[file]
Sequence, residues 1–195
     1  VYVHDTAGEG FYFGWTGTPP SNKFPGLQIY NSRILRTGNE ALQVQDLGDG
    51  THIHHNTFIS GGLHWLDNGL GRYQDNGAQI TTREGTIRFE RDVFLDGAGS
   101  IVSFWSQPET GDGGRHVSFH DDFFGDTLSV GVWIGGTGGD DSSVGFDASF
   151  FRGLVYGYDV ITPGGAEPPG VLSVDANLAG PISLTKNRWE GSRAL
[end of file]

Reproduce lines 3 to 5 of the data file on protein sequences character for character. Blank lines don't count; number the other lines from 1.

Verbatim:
    51  THIHHNTFIS GGLHWLDNGL GRYQDNGAQI TTREGTIRFE RDVFLDGAGS
   101  IVSFWSQPET GDGGRHVSFH DDFFGDTLSV GVWIGGTGGD DSSVGFDASF
   151  FRGLVYGYDV ITPGGAEPPG VLSVDANLAG PISLTKNRWE GSRAL